This review page is supported in part by the sponsors whose ad banners are displayed below

In short form but still accurately, today's system's overriding character could be called refined. This essence presented itself both when I first sat down to spin up the first disc and sample the sonic characteristics; and when I got up after the last album to pack up the gear and return it. Of course a lot happened in-between to help me understand and appreciate the nuances. Yet this overall core message which this customer by proxy received from Jeff Rowland was loud and clear.

This sound was smooth, soft and vivid whilst simultaneously very deep and well differentiated. Though the dominant trait was the pursuit of refinement rather than perfection, the scale of differentiation was puzzling. I'd compare this presentation to that of my Harbeth M40.1 speakers - at first warm and rather nice, after a while turning out to be incredibly resolute in fact but never as selective as I would wish.

Let’s talk about resolution and differentiation first. Warm components and speakers are usually and rightly so associated with selectivity that's not particularly good and resolution that's rather low. This is true as long as we remain within the basic and medium price ranges. Good designs costing about 20.000 Polish are much more varied and nuanced. Listen to the Lavardin IT-15 amplifier for example. In the ultra high-end where we assuredly find ourselves with Jeff Rowland, these qualities become unrelated unless a designer specifically intended—as is the case for the Convergent Audio Technology SL1 Legend preamp—to emphasize warmth as the leading and most important aspect of live sound. Today's system would seem to follow a similar path but the final point of arrival is quite different.

Take for instance the way it differentiates between recordings or even within a single track rivets us to the speakers. It doesn’t do it with an overwhelming amount of detail or the kind of dynamics and insight into a recording that knock us flat at least not at first glance. It does its thing through unforced clarity as the ability to show the maximum amount of detail per time unit internally linked together to create something more. This kind of sound doesn’t require any effort in our mind to reconstruct what took place in front of the microphones (hypothetically and potentially as we were not present during the recording though very credibly so despite these conditions).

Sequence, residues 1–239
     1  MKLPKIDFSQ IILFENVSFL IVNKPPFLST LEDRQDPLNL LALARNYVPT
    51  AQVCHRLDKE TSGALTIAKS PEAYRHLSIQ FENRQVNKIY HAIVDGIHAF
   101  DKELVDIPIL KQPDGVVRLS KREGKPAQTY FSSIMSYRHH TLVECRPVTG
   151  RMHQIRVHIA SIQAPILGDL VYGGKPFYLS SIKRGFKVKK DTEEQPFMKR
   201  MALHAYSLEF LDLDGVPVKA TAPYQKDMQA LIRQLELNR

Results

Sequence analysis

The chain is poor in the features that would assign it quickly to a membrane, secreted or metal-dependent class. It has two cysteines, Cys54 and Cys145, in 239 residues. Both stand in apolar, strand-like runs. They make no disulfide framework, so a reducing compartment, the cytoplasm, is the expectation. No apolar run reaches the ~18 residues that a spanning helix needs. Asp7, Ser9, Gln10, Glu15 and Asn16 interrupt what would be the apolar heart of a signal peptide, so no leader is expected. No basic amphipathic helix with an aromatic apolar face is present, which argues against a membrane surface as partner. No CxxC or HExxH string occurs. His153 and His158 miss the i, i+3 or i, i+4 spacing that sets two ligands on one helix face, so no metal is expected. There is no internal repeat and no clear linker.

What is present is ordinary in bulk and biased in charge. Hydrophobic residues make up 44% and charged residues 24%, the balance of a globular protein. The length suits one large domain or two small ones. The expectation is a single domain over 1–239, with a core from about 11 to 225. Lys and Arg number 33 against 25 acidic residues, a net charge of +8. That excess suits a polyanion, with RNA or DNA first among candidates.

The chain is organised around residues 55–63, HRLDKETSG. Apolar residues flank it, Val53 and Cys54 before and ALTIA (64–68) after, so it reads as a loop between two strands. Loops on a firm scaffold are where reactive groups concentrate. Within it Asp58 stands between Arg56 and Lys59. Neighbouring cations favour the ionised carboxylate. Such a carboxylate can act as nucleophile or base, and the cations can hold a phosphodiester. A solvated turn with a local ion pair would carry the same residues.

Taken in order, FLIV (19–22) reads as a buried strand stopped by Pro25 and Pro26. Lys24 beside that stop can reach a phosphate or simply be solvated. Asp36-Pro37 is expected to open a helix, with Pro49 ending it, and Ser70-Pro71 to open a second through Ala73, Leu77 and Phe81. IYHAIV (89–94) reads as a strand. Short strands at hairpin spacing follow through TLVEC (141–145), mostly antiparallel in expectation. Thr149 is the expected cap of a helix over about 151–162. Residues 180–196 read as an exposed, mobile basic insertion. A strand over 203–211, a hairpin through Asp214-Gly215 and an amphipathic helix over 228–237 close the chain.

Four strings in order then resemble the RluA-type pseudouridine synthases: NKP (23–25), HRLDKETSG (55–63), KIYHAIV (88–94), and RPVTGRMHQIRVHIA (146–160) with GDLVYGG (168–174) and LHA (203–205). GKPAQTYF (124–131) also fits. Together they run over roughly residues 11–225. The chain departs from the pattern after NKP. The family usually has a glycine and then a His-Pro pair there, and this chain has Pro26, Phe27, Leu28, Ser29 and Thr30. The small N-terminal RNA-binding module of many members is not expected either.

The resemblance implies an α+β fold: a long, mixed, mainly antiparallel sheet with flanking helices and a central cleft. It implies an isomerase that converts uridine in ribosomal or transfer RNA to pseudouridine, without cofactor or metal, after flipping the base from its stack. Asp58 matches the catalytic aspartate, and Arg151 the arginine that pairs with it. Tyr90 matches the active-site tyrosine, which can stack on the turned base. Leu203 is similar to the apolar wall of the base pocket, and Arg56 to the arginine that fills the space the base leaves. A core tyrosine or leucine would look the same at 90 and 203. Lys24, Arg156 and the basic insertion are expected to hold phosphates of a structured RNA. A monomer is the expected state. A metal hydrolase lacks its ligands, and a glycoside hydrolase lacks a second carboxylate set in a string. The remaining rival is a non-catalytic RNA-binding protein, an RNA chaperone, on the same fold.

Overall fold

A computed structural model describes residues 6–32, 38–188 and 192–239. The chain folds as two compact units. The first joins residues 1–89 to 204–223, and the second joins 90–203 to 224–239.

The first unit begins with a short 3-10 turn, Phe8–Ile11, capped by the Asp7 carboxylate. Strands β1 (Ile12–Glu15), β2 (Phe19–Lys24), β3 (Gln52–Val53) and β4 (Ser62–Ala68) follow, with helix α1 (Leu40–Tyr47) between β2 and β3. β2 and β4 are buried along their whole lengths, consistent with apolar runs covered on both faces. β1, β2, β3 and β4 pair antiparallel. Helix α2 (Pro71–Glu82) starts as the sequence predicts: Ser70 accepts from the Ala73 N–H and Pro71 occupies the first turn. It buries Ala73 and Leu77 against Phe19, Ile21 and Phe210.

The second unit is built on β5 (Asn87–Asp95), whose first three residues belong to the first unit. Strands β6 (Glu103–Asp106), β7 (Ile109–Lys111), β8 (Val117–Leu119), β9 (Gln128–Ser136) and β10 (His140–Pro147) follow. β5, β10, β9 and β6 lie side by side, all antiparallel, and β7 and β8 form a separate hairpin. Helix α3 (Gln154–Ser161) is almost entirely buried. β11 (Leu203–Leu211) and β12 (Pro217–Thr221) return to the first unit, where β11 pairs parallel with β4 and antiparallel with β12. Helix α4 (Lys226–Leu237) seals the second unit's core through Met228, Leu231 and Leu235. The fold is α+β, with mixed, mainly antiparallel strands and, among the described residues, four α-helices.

And there's no need for super-audiophile recordings to hear it. No need to reach for Patricia Barber though her albums were auditioned as well. It’s not necessary to use special reissues such as XRCD24 discs from newly created Hi-Q Records whose mastering is handled by Kazuo Kiuchi, owner of the Reimyo and Harmonix brand. Still I did audition one of them, Bach’s Violin Concertos as performed by Yehudi Menuhin.

My biggest surprise was listening to the new Black Sabbath album 13. While it’s pressed as an SHM-CD, the material is intended for a far broader audience and hence highly compressed. First I listened to it at night over my HifiMan HE-6 headphones driven from the amplifier's current output. Even then I was struck by the great clarity whereby Ozzy Osbourne vocals and Tony Iommi's guitars were recorded and mixed. I used guitars as Tony’s guitar is really overdubbed and often doubled up with many spatial sound effects. The tonal balance was very well set without the proven wall-of-sound tactic which glosses over playback and recording mistakes. The sound was powerful and fleshy yet selective too. On these particular headphones the drums seemed somewhat lacking however, especially the bass drum.

Even so the Jeff Rowland system tastefully showed what was going on. It served up a very low punchy bass. When the kettledrums appeared at the beginning of "God is Dead?" they were conveyed vividly and fast, with rapid attacks, good body and depth. Similarly Geezer Butler’s bass guitar was superbly fleshy. Yet with that warmth the sound was neither blurry nor veiled. While Fang Bien’s magnetostatic cans would seem tailor-made to overemphasize fast transients which would have added further clarity to the Sabbath disc, nothing like it happened. My allegedly warm Harbeth speakers driven by allegedly warm Rowland gear merely confirmed what I heard on the headphones whilst adding more body and volume.

On the other end of spectrum, with music quieter by a few generations as recorded between 1932 and 1939 included on reissues of Mills Brothers recordings, I felt something even more tangible. It was as if the American system turned a better recording into a true musical event. I listened to tracks from two compilations of the History series of the Trumpets Of Jericho label's Swing Is The Thing and Spectacular released by Going For A Song. The former had been remastered in the digital domain with no further details available, the latter was mastered on a CEDAR system. The source in either case were old shellac discs. Without any doubt the latter was a spectacular specimen. It had a warm sound not only due to appropriate tone correction but to better volume and depth. Whilst perfectly correct, the former instead sounded flat and boring.